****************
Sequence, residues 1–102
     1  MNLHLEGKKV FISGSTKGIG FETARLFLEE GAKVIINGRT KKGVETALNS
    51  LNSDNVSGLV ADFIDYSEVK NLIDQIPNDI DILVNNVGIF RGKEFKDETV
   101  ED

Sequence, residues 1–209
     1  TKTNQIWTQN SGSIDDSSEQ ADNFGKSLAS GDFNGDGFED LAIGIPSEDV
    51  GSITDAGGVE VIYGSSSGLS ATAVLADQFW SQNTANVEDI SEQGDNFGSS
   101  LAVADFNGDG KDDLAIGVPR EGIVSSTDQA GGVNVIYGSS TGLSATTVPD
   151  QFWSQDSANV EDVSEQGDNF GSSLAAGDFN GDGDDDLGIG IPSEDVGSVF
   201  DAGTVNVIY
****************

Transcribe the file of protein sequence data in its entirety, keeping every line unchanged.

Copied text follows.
Sequence, residues 1–102
     1  MNLHLEGKKV FISGSTKGIG FETARLFLEE GAKVIINGRT KKGVETALNS
    51  LNSDNVSGLV ADFIDYSEVK NLIDQIPNDI DILVNNVGIF RGKEFKDETV
   101  ED

Sequence, residues 1–209
     1  TKTNQIWTQN SGSIDDSSEQ ADNFGKSLAS GDFNGDGFED LAIGIPSEDV
    51  GSITDAGGVE VIYGSSSGLS ATAVLADQFW SQNTANVEDI SEQGDNFGSS
   101  LAVADFNGDG KDDLAIGVPR EGIVSSTDQA GGVNVIYGSS TGLSATTVPD
   151  QFWSQDSANV EDVSEQGDNF GSSLAAGDFN GDGDDDLGIG IPSEDVGSVF
   201  DAGTVNVIY